The Acanthocephala are entirely parasitic, vermiform in shape, and devoid of any mouth or alimentary canal; The front end of the body (fig. 119, p) is developed into a retractile proboscis, which is covered with tranverse rows of recurved hooks, and by means of which the parasite attaches itself to the wall of the intestine of its host. The integument (c c) is highly muscular, and the proboscis is contained within a strong muscular sheath, and can be retracted by special muscular bands (m m). At the base of the proboscis is placed a single nervous ganglion, and its hinder extremity is prolonged into l, the so-called "liga-mentum suspensorium," a fibrous band, which supports the generative organs. The sexes are in different individuals. The water - vascular system is in the form of subcutaneous reticulated canals which are connected with two saccular organs or "lemnisci" (b b), placed on each side of the base of the proboscis, but the vessels of this system do not appear to communicate with the exterior.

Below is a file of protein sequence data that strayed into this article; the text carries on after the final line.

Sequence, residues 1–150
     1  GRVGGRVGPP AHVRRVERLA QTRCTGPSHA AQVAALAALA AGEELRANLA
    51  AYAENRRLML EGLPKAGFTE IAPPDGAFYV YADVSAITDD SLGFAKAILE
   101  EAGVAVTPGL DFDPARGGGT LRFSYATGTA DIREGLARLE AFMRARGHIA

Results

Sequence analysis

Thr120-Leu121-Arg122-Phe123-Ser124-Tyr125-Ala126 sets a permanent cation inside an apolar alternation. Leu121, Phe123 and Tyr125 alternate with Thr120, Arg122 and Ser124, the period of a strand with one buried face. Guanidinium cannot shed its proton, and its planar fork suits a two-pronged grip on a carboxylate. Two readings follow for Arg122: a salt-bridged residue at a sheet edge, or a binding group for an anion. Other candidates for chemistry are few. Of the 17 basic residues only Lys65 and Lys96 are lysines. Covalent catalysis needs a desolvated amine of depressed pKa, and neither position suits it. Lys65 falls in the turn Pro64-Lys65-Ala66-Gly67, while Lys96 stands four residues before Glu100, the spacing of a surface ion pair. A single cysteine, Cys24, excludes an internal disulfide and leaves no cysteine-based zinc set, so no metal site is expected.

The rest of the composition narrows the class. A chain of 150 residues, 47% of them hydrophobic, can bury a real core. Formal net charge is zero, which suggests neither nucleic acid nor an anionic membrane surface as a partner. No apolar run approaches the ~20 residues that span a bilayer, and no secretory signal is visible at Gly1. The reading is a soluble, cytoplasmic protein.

The order Acanthocephala includes only one genus, namely, Echinorhynchus, the genus Koleops being doubtfully referred here. All the Echinorhynchi inhabit in their adult condition the intestines of fishes, birds, or mammals, and they pass through a metamorphosis. The eggs are swallowed by crustaceans or insects, and give exit to free vermiform 'embryos, armed with hooks. These burrow out of the intestine of their host and encyst themselves in its tissues, not becoming finally developed till their bearers may be eaten by some vertebrate animal. Thus, the embryos of Echinorhynchus gigas of the pig inhabit the larvae of the cockchafer; whilst those of E. angustatus, of Cyprinoid fishes, live in the interior of fresh-water Crustaceans.